Backpacking in the Cascades is a breathtaking experience that most people enjoy during a brief four month window—between June and September. During the other eight months, the Cascades are considered by some the snowiest place in earth, a paradise for snowboarders and skiers.

But for the rest of us? Snow camping.

Just like the alpine hiking you know from summer, snow camping includes the thrill of being up among the peaks. But since you’ll most likely be in the fresh snow of the backcountry, it requires more gear—snowshoes or cross-country skis to travel with ease. Without them you’ll sink deep into the snow with each step. Though the reward of being in a pristine wonderland makes any physical challenges worth taking on.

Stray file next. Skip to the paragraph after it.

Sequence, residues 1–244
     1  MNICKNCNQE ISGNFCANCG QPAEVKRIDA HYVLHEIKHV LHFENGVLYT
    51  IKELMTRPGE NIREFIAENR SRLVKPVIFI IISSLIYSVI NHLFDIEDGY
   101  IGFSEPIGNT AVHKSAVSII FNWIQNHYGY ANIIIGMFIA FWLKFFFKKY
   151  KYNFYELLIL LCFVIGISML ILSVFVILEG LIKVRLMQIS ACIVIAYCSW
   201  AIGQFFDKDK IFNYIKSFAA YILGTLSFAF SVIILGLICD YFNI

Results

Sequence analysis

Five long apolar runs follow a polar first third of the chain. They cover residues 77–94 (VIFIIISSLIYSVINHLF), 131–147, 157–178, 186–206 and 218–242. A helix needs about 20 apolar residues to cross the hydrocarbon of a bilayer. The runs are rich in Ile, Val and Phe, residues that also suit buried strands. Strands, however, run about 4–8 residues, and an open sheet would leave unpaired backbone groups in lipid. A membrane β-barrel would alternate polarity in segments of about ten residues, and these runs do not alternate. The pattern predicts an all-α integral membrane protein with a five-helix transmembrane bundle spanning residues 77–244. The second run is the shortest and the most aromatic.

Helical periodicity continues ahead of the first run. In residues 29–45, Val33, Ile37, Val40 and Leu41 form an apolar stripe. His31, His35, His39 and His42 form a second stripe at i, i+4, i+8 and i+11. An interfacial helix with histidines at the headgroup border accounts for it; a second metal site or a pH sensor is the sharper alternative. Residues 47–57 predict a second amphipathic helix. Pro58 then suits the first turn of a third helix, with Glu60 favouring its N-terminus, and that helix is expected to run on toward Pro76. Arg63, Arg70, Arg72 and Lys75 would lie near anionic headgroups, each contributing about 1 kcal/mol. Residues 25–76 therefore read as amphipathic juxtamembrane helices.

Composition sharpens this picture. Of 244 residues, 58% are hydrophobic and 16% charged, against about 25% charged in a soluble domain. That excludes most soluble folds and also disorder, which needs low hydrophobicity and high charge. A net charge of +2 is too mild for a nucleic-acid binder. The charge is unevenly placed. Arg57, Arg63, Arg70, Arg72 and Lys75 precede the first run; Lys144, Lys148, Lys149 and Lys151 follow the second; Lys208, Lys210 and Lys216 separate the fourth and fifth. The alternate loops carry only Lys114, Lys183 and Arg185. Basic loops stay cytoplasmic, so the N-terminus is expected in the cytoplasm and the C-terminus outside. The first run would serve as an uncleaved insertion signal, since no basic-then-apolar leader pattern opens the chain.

While some may choose to sleep in tents, you do have options. Snow makes for a great shelter because it can insulate well, is easily moldable with only a shovel. There is a sort of thrill when you’re building your shelter for the night out of the same material that you need to shelter from.

There are several different types of snow shelters to choose from: snow caves, quinzees, igloos, or the simplest of all—a snow trench. Artist point and Heather Meadows are great places for first timers since there is a nearby ski resort should an emergency arise.

When you go, check with the National Park Service to see if a permit is required for backpacking in the area you choose to explore.

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